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William Wordsworth
Complete Poetical Works

POEMS

COMPOSED OR SUGGESTED DURING A TOUR IN THE SUMMER OF 1833

My companions were H. C. Robinson and my son John.

Having been prevented by the lateness of the season, in 1831, from visiting Staffa and Iona, the author made these the principal objects of a short tour in the summer of 1833, of which the following series of poems is a Memorial. The course pursued was down the Cumberland river Derwent, and to Whitehaven; thence (by the Isle of Man, where a few days were passed) up the Frith of Clyde to Greenock, then to Oban, Staffa, Iona; and back towards England, by Loch Awe, Inverary, Loch Goil-head, Greenock, and through parts of Renfrewshire, Ayrshire, and Dumfriesshire to Carlisle, and thence up the river Eden, and homewards by Ullswater.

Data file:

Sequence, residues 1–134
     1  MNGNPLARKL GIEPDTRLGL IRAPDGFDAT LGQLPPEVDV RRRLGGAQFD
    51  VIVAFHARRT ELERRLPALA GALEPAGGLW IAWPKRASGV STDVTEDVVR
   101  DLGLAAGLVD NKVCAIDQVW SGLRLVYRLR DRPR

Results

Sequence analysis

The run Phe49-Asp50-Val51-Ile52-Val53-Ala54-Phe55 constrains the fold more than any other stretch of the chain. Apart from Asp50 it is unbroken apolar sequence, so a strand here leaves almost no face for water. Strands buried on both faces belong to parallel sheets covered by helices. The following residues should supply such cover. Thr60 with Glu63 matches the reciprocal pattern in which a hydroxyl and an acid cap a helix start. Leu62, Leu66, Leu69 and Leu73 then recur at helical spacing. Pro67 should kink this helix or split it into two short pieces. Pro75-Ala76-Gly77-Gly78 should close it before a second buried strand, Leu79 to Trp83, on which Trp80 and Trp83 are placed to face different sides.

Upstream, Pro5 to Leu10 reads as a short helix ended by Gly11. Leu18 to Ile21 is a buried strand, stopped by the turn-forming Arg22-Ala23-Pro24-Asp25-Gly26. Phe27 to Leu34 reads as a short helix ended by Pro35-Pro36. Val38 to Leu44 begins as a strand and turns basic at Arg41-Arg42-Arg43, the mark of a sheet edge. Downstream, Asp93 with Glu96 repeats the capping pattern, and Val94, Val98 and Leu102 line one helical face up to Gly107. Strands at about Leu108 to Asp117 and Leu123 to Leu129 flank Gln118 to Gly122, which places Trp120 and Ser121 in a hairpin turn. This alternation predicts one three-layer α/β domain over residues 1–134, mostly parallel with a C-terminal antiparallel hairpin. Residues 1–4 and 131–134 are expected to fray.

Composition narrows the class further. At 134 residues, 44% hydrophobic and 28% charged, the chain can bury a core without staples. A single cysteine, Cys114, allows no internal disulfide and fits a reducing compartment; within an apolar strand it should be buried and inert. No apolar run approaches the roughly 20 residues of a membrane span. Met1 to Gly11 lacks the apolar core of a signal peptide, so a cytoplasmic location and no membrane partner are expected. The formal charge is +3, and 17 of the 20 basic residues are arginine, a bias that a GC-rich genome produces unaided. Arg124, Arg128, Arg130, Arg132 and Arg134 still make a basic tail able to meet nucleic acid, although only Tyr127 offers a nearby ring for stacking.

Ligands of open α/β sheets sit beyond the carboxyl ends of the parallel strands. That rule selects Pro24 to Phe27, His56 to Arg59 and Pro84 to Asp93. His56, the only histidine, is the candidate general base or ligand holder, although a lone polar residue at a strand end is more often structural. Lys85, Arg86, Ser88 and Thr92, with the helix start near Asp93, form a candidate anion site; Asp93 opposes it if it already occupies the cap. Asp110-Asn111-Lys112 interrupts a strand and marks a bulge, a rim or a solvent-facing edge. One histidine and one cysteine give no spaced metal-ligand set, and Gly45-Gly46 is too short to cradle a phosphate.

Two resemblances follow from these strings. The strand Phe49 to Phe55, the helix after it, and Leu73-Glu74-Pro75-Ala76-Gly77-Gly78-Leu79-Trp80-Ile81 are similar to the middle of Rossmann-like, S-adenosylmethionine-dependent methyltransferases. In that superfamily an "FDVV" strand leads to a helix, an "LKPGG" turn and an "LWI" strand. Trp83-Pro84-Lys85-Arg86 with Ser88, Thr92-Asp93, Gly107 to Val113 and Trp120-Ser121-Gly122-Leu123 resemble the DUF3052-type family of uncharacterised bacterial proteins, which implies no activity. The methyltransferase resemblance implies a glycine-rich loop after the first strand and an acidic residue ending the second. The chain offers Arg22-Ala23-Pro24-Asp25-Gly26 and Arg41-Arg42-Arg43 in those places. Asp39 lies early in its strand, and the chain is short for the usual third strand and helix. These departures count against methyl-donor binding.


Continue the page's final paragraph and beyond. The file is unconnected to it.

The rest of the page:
I

ADIEU, Rydalian Laurels! that have grown
And spread as if ye knew that days might come
When ye would shelter in a happy home,
On this fair Mount, a Poet of your own,
One who ne'er ventured for a Delphic crown
To sue the God; but, haunting your green shade
All seasons through, is humbly pleased to braid
Ground-flowers, beneath your guardianship, self-sown.
Farewell! no Minstrels now with harp new-strung
For summer wandering quit their household bowers;
Yet not for this wants Poesy a tongue
To cheer the Itinerant on whom she pours
Her spirit, while he crosses lonely moors,
Or musing sits forsaken halls among.